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How does smoking contribute to hypertension and its complications?

Smoking is a significant risk factor for hypertension and its related complications. The harmful chemicals in tobacco smoke can damage blood vessels and lead to several physiological changes that contribute to elevated blood pressure.

Physiological Changes Due to Smoking:

1. Vasoconstriction: Smoking causes blood vessels to constrict or narrow, which increases resistance to blood flow and raises blood pressure.

2. Increased Heart Rate: Smoking can elevate heart rate, putting additional stress on the heart and circulatory system.

3. Atherosclerosis: Smoking promotes the development of atherosclerosis, a condition where fatty deposits (plaques) build up inside the arteries, narrowing and hardening them. Atherosclerosis restricts blood flow and can further raise blood pressure.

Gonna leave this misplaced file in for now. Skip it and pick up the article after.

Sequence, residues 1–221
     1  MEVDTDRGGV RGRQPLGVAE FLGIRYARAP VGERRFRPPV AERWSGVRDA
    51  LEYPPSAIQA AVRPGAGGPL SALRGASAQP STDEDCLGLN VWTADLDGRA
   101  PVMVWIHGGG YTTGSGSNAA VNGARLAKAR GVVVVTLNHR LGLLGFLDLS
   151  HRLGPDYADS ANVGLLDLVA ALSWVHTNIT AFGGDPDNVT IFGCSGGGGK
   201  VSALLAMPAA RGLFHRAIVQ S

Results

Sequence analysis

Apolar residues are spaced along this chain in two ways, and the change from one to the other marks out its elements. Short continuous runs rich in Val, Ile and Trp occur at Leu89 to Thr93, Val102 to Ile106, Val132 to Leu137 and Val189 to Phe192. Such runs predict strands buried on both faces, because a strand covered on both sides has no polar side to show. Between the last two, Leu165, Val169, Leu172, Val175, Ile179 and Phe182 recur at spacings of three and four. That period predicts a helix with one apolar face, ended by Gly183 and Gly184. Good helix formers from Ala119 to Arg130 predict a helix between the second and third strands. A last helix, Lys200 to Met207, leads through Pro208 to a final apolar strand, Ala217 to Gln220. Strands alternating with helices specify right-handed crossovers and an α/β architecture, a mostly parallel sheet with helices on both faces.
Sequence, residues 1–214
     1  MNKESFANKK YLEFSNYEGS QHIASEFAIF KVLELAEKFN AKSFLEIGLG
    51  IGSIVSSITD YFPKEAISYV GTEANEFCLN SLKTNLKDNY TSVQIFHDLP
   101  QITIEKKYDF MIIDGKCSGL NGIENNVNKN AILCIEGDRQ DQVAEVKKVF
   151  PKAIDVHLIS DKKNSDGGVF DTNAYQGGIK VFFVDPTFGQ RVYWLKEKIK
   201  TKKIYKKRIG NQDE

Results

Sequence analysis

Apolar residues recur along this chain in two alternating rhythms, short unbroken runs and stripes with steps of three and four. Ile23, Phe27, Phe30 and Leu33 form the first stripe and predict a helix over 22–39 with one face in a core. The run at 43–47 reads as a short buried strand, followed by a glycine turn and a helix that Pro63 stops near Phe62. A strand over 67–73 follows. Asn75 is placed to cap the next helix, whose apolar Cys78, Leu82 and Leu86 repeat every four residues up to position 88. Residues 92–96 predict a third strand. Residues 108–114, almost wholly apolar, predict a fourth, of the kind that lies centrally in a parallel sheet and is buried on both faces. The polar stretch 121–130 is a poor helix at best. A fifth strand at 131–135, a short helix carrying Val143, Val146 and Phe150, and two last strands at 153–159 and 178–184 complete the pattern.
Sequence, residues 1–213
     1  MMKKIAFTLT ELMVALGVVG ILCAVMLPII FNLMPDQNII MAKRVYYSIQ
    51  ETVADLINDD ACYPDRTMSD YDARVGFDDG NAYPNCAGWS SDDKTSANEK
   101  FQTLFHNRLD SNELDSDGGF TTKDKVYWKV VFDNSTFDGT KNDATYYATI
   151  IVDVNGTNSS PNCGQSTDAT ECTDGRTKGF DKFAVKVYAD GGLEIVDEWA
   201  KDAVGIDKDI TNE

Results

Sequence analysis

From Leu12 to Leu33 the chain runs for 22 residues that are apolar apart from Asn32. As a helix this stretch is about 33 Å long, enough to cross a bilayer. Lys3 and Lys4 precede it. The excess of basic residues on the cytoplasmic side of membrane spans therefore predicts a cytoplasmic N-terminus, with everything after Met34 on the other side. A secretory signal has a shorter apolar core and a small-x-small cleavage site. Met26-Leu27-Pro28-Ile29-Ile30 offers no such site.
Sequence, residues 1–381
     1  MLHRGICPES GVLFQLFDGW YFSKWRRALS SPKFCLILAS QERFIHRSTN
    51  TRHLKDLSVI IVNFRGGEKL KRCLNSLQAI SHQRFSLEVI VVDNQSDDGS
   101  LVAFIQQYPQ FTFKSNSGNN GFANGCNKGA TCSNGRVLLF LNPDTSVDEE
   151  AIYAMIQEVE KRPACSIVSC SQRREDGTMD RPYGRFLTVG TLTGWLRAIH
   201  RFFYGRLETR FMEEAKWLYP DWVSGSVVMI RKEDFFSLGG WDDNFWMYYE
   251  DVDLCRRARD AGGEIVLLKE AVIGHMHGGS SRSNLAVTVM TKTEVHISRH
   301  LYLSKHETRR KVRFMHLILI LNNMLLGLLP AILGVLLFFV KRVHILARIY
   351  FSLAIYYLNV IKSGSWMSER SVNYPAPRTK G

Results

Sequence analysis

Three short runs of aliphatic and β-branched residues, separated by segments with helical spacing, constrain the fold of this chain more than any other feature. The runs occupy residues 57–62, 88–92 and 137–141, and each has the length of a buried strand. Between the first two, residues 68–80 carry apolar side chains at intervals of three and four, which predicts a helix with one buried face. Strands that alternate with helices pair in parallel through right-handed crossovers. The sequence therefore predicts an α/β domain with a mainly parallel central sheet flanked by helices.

4. Endothelial Dysfunction: Smoking damages the endothelium, the inner lining of blood vessels, impairing its ability to regulate blood flow and promote vasodilation.

5. Oxidative Stress and Inflammation: Smoking generates harmful free radicals in the body, leading to oxidative stress and inflammation, which can damage blood vessel walls and promote hypertension.

The combination of these effects increases the risk of hypertension, and if left uncontrolled, smoking can further worsen existing hypertension and contribute to various cardiovascular complications, such as heart attack, stroke, and peripheral artery disease.


  1. American Heart Association. (2021). Smoking, High Blood Pressure and Your Health. Retrieved from:

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